Three al-Jazeera journalists accused of supporting the Muslim Brotherhood have been jailed for seven years in Egypt.
A court in Cairo convicted Peter Greste, Mohamed Fahmy and Baher Mohamed of spreading false news and supporting the now banned Islamist group. The trio had denied the charges.
Eleven defendants tried in absentia, including three foreign journalists, received 10-year sentences.
The trial has caused an international outcry amid claims it was politicised.
Australian Foreign Minister Julie Bishop told reporters on Monday she was "bitterly disappointed" by the outcome. Greste, a former BBC journalist, is an Australian citizen.
British Prime Minister David Cameron said he was "completely appalled" and the UK Foreign Office has summoned the Egyptian ambassador over the guilty verdicts. Two of the journalists convicted in absentia are British.
Correspondents say evidence put forward earlier in court did nothing to support the serious charges brought.
The judge was shown photographs from Mr Greste's family holiday, a Sky Arabia report on cruelty to horses and a video of a news conference in Nairobi.
Baher Mohamed was sentenced to a further three years in jail on a separate charge involving possession of "unlicensed ammunition".
Christian Fraser, BBC News, Cairo
Peter Greste has spent six months in a 4m (13ft) cell with his two al-Jazeera colleagues, locked down for 23 hours a day with only a small window for light. The Tora prison is a "hell hole" says Greste's brother, Michael. "But he is strong and he will survive."
That resilience was on show when the prisoners came into court. They waved at friends and family and hugged each other, hoping their ordeal was now ending.
The judge, wearing sunglasses, looked unmoved by the scores of cameras there to record the verdict. Last week he sentenced 14 people to death, including the father of one of the students now standing in the cage.
As he heard the verdict, Peter Greste punched the cage in frustration. Mohamed Fahmy screamed in defiance. "He needs surgery, he has done nothing wrong," his mother wailed. Fahmy spent the first few weeks of his detention sleeping on the floor with a dislocated shoulder.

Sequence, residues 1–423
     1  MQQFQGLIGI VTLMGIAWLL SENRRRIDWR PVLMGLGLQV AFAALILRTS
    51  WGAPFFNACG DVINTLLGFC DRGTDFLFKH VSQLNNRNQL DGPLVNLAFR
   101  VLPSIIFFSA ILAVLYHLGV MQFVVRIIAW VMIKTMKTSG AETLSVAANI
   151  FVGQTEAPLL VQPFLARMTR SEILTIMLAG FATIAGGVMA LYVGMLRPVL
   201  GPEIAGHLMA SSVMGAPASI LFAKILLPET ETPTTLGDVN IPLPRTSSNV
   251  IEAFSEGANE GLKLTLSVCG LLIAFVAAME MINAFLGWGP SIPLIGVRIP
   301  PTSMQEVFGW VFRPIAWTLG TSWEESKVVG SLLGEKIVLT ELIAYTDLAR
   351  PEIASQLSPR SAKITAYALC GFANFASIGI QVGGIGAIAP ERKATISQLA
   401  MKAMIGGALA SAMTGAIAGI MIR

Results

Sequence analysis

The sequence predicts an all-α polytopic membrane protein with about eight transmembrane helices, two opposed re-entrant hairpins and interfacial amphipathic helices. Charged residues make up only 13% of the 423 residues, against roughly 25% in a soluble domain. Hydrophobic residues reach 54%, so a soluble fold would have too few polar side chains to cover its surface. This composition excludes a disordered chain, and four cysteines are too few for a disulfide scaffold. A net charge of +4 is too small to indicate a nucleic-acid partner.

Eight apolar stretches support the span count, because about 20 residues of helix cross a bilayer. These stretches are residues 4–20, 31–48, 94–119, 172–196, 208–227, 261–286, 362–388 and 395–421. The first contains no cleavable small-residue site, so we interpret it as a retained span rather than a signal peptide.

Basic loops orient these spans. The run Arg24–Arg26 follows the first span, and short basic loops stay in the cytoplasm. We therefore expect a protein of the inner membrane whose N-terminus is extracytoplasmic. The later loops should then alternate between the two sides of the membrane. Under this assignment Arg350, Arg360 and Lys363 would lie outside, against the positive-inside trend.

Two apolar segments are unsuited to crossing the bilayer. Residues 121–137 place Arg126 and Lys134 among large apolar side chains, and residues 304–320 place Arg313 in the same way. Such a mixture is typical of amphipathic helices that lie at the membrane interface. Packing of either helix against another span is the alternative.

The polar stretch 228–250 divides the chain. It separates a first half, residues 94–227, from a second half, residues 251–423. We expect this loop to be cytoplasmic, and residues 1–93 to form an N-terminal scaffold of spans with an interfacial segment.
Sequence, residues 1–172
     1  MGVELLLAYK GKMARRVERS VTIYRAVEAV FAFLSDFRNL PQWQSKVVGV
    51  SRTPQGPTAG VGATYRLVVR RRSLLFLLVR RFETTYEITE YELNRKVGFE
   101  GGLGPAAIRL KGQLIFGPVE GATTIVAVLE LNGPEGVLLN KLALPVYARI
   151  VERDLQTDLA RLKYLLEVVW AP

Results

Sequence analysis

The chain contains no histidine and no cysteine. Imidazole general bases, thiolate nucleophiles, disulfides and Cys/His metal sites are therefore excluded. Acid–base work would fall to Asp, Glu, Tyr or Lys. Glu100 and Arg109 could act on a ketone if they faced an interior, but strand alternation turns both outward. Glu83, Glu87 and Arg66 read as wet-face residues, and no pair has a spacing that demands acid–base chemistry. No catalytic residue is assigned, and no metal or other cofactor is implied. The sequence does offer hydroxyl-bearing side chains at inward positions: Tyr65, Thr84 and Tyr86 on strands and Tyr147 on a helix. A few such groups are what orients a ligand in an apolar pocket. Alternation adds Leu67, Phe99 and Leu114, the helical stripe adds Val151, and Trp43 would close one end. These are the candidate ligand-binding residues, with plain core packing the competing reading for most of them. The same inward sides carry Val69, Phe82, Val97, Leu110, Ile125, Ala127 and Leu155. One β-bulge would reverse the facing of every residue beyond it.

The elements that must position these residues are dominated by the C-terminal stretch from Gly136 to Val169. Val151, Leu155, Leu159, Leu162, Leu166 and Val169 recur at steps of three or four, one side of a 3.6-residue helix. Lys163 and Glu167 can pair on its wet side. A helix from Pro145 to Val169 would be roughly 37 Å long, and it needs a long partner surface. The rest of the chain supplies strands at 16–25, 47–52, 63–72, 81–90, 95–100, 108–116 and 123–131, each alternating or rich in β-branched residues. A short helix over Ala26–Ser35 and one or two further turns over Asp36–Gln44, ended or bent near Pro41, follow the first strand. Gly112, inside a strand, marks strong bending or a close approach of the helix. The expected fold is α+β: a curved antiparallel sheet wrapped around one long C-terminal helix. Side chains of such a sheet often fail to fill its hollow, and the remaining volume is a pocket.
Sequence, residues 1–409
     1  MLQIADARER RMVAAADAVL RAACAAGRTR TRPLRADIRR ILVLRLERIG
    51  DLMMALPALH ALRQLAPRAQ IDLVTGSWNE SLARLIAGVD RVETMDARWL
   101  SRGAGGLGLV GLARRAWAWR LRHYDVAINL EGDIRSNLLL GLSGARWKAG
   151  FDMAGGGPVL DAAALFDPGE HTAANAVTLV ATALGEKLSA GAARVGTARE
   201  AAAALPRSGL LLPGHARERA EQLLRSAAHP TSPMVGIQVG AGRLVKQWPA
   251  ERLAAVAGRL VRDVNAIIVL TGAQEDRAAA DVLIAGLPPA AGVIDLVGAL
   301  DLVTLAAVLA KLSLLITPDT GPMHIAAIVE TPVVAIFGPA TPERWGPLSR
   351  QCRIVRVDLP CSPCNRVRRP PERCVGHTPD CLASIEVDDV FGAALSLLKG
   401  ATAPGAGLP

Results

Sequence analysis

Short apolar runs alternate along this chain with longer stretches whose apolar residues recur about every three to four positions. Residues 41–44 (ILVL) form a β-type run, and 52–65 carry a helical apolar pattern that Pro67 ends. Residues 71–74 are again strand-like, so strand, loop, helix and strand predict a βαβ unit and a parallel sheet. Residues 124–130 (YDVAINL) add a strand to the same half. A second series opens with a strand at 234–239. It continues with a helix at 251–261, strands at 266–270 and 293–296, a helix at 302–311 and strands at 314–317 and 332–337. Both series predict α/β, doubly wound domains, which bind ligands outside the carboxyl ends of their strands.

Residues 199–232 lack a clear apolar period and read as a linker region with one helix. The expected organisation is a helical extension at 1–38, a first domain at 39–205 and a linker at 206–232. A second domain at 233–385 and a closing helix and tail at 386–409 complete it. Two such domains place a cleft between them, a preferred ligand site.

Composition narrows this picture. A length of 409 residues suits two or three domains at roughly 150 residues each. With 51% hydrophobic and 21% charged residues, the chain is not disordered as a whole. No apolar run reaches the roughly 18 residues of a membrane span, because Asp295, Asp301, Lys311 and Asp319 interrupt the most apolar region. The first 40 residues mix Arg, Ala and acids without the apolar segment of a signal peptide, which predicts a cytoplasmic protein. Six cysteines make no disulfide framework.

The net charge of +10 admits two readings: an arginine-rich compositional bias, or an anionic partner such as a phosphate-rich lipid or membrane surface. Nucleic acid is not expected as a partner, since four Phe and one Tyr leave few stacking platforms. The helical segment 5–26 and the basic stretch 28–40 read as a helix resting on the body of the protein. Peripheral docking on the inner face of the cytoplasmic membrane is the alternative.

In a statement, al-Jazeera English's managing director Al Anstey said the sentence "defies logic, sense, and any semblance of justice".
The three men are expected to appeal.
Al-Jazeera has said only nine of the 20 defendants are its employees. The others are reportedly students and activists, two of whom were acquitted in Monday's verdict.
It comes amid concerns over growing media restrictions in Egypt.
Peter Greste's brother Andrew said he was "surprised" by the verdict, and that he had been assured all along by the authorities that the Egyptian judiciary is independent.
Fahmy and Mohamed were among 16 Egyptians charged with belonging to a terrorist organisation and "harming national unity".
Greste and three other journalists who have left the country - British al-Jazeera reporters Dominic Kane and Sue Turton and the Dutch newspaper and radio journalist Rena Netjes - were accused of "collaborating with the Egyptians [the defendants] by providing them with money, equipment, information", and "airing false news".
Al-Jazeera, which is based in Qatar, was banned from operating inside Egypt after the authorities accused it of broadcasting reports sympathetic to former President Mohammed Morsi and the Muslim Brotherhood. Al-Jazeera has consistently denied the allegations.
Qatar has supported the Brotherhood and is unpopular with Egypt's government.
Earlier this month, Fahmy shouted from the dock that the trial was a "vendetta against al-Jazeera".
He complained that they were "hostages" in a political battle between Egypt and Qatar.
- Defendants included al-Jazeera's Cairo bureau chief, Mohamed Fahmy, who is Canadian-Egyptian, Egyptian producer Baher Mohamed and Australian correspondent Peter Greste
- They denied charges of spreading false news and supporting the Muslim Brotherhood
- The three men were seized in a raid at a Cairo hotel on 29 December and have been held at Cairo's Tora prison
- The court tried a total of 20 people, including nine al-Jazeera employees
Earlier, Australian Prime Minister Tony Abbott made a direct appeal to Egyptian President Abdul Fattah al-Sisi for Greste's release.
US Secretary of State John Kerry, visiting Cairo over the weekend, said he spoke to Egyptian officials about "the essential role of a vibrant civil society, free press, rule of law and due process in a democracy".
Human rights group Amnesty International has condemned the verdicts.
"This is a devastating verdict for the men and their families, and a dark day for media freedom in Egypt, when journalists are being locked up and branded criminals or 'terrorists' simply for doing their job," said the groups' Middle East and North Africa director Philip Luther.
Egypt's authorities have cracked down harshly on Islamists and secular activists since Mr Morsi was removed by the military in July 2013.
Hundreds have been killed and thousands arrested.